More interest rate hikes?
The number of Americans filing for unemployment benefits unexpectedly fell last week, pointing to labor market strength that could keep Federal Reserve interest rate hikes on the table this year.
Other data on Thursday suggested the struggling manufacturing sector could be stabilizing, with factory activity in the mid-Atlantic region contracting at a slower pace in February.
“The economy is better than the markets think. We wouldn’t rule out another rate hike at the March meeting as financial market turbulence fades away and the economic outlook remains positive,” said Chris Rupkey, chief economist at MUFG Union Bank in New York.
Initial claims for state unemployment benefits decreased 7,000 to a seasonally adjusted 262,000 for the week ended Feb. 13, the lowest reading since November, the Labor Department said. The prior week’s claims were unrevised.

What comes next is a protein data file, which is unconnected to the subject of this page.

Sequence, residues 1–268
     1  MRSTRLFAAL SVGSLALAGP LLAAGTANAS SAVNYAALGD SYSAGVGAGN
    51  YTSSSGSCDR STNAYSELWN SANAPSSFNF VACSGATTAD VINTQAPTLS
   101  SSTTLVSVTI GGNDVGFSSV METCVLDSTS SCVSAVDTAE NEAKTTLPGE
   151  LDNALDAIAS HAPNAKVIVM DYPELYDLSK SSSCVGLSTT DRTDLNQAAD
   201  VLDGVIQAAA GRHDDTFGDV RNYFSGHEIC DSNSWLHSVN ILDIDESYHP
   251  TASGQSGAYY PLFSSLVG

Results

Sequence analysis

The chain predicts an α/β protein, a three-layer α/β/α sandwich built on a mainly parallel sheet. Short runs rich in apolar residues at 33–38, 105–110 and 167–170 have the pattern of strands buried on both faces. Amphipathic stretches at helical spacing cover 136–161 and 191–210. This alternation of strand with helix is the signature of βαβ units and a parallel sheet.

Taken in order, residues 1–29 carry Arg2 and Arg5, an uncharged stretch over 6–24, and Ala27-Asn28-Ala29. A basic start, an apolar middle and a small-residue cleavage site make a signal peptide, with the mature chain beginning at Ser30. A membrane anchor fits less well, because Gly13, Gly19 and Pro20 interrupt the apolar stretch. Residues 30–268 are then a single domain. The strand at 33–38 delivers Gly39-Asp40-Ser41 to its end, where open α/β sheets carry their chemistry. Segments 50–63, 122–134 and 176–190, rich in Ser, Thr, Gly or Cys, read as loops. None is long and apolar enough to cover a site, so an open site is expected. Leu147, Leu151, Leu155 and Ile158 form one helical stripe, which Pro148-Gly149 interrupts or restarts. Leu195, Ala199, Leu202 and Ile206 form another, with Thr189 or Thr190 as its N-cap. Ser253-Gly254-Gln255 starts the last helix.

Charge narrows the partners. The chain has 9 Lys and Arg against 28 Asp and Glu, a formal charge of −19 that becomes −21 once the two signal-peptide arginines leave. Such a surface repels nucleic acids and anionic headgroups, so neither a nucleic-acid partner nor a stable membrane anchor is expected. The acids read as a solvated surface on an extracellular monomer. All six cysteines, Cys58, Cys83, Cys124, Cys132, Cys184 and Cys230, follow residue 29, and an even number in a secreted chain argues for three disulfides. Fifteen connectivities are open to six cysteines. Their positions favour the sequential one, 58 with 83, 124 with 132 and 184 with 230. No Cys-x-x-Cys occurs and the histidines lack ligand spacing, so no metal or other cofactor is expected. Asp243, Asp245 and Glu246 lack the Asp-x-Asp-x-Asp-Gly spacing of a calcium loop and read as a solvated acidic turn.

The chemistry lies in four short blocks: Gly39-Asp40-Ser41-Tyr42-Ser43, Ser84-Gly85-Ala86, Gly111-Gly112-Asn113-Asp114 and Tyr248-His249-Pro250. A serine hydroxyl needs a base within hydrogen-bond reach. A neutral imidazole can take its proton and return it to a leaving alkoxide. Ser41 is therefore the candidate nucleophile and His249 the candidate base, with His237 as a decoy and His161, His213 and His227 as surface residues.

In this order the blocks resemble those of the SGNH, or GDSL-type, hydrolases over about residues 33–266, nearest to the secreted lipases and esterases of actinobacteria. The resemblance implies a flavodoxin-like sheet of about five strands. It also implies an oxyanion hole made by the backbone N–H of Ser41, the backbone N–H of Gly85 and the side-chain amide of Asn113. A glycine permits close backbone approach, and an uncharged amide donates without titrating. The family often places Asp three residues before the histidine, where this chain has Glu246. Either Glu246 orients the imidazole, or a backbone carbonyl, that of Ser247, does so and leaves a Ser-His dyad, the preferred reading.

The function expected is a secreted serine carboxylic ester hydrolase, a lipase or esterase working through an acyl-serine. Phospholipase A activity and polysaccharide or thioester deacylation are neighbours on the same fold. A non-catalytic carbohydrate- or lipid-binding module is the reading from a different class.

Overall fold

Economists had forecast claims rising to 275,000 in the latest week. The four-week moving average of claims, considered a better measure of labor market trends as it irons out week-to-week volatility, fell 8,000 to 273,250 last week.
Prices of U.S. government debt fell after the data, while the dollar edged up against the euro and yen. U.S. stock index futures were trading higher.
The health of the jobs market could determine whether the U.S. central bank raises rates this year. Bets for a March rate hike have largely been eliminated against the backdrop of tightening financial market conditions and worries about the U.S. and global economies. Read more